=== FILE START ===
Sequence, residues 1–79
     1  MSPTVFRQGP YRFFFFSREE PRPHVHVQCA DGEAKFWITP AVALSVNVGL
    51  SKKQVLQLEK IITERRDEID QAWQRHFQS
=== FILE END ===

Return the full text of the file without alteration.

Sequence, residues 1–79
     1  MSPTVFRQGP YRFFFFSREE PRPHVHVQCA DGEAKFWITP AVALSVNVGL
    51  SKKQVLQLEK IITERRDEID QAWQRHFQS